Peter Hoskin

Now the Tories have an issue to get stuck into...

Now the Tories have an issue to get stuck into...
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While Nick Clegg battles on the tuition fee front, another internal conflict breaks out for the coalition today: prisons. And rather than yellow-on-yellow, this one is strictly blue-on-blue. On one side, you've got Ken Clarke, who is controversially proposing a raft of measures for reducing the prison population. On the other, Tory figures like Michael Howard who insist that prison works – and that there should be more of it. Philip Davies, the Tory MP for Shipley, even told Radio 4 this morning that millions of Conservative voters would be disappointed by the coalition's plans.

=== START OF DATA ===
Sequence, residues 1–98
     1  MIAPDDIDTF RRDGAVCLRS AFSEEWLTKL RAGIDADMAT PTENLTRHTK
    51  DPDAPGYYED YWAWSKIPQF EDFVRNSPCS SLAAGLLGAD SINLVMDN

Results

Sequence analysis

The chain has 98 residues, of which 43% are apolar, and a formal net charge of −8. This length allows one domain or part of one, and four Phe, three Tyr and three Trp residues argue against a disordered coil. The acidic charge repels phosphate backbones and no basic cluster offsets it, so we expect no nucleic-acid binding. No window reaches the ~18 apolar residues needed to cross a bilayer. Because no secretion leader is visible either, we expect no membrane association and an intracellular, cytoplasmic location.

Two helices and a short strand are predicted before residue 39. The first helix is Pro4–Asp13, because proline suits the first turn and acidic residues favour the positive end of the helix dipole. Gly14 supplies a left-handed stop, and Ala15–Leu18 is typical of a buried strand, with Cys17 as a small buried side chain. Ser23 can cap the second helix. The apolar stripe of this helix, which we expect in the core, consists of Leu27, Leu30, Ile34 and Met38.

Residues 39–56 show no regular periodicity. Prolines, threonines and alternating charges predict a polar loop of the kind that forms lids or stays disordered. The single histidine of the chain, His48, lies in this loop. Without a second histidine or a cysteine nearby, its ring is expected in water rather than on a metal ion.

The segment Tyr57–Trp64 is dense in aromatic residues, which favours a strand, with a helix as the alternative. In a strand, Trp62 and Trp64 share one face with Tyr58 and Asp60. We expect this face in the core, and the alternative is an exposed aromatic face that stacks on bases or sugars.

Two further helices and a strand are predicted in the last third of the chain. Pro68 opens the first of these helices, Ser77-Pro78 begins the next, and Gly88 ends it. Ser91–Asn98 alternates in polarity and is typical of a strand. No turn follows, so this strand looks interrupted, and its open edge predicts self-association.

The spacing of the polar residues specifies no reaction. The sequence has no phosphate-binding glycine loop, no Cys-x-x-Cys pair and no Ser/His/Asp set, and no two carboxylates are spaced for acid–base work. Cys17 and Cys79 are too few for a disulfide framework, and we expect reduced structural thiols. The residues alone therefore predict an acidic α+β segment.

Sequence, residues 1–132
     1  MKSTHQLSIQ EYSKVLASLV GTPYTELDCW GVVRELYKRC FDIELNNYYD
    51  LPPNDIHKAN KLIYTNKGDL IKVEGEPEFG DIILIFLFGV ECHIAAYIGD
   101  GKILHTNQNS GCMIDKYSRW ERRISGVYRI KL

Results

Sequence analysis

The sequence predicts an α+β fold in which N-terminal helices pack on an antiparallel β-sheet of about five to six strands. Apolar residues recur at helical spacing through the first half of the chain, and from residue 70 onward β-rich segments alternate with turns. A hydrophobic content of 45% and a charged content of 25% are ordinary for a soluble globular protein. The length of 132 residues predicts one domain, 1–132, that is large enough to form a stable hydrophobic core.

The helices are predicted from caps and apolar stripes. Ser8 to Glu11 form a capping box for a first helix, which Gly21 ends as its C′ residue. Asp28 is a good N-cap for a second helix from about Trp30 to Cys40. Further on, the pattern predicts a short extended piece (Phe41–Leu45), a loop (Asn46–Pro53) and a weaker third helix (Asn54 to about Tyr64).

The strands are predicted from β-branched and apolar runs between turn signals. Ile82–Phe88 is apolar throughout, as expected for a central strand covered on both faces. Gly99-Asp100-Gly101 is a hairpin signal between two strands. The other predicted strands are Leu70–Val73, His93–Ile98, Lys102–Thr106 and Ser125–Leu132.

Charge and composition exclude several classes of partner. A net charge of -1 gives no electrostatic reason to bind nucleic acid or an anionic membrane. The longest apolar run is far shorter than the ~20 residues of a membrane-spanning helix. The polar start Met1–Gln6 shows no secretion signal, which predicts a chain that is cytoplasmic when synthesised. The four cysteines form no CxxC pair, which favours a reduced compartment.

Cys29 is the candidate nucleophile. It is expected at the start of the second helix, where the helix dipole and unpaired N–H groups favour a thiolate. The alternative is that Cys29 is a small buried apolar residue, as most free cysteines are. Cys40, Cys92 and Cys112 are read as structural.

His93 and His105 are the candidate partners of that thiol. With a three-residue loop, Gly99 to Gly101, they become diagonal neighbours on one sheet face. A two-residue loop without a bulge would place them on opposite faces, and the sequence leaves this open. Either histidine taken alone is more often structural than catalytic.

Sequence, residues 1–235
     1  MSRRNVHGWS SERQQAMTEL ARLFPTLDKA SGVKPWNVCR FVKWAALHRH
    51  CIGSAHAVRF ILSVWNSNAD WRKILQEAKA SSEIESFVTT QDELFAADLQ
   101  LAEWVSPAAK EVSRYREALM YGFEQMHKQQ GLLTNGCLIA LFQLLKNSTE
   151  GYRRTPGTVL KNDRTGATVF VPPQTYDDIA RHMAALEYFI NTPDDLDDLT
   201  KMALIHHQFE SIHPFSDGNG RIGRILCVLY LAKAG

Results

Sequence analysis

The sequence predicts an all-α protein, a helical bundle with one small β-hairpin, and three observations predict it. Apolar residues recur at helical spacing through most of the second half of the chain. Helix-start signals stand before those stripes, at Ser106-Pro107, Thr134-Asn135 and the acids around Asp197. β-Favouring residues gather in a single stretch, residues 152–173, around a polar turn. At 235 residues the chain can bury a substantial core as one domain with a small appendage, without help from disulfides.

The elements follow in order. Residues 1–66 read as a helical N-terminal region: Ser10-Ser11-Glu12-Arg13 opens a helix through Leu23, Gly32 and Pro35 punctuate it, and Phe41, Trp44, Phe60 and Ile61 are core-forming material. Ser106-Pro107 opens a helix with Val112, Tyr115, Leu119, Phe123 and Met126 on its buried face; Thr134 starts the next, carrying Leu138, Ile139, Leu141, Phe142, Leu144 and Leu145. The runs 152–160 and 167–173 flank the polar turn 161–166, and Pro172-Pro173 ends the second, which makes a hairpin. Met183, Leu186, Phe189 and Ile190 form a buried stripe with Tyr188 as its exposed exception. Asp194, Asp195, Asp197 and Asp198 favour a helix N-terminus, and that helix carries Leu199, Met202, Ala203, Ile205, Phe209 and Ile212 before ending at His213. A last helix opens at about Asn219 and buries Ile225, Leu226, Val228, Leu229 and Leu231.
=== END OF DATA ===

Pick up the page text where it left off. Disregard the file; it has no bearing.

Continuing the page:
Clarke's argument is, as we already know, twofold: i) that we cannot afford to keep detaining more and more prisoners, and ii) that the current justice system is broken, particularly when it comes to rehabilitation, and needs mending from the ground up. He concentrated on the second of these – the custodial "revolving door" – on the Today programme earlier, and was persuasive in parts. No-one sifting through the reoffending statistics would argue that the British justice system is working as well as it should. The government has some encouraging ideas, particularly in the area of payment-by-results schemes, for fixing this.

For many people, though, fixing the prisons system need not mean shrinking it. Couldn't population figures be kept up at the same time? After all, the evidence of the last decade is that prison does a great deal to cut crime rates; not to mention appeal to the sense that misdeeds must not go unpunished. Here, the government will point to the public finances, and shrug that needs must. They will also point to plans to make community sentences tougher and more punitive. But the argument will only really be won if crime falls, prison costs go down and rehabilitation improves. Until that hopeful day, this remains a live issue.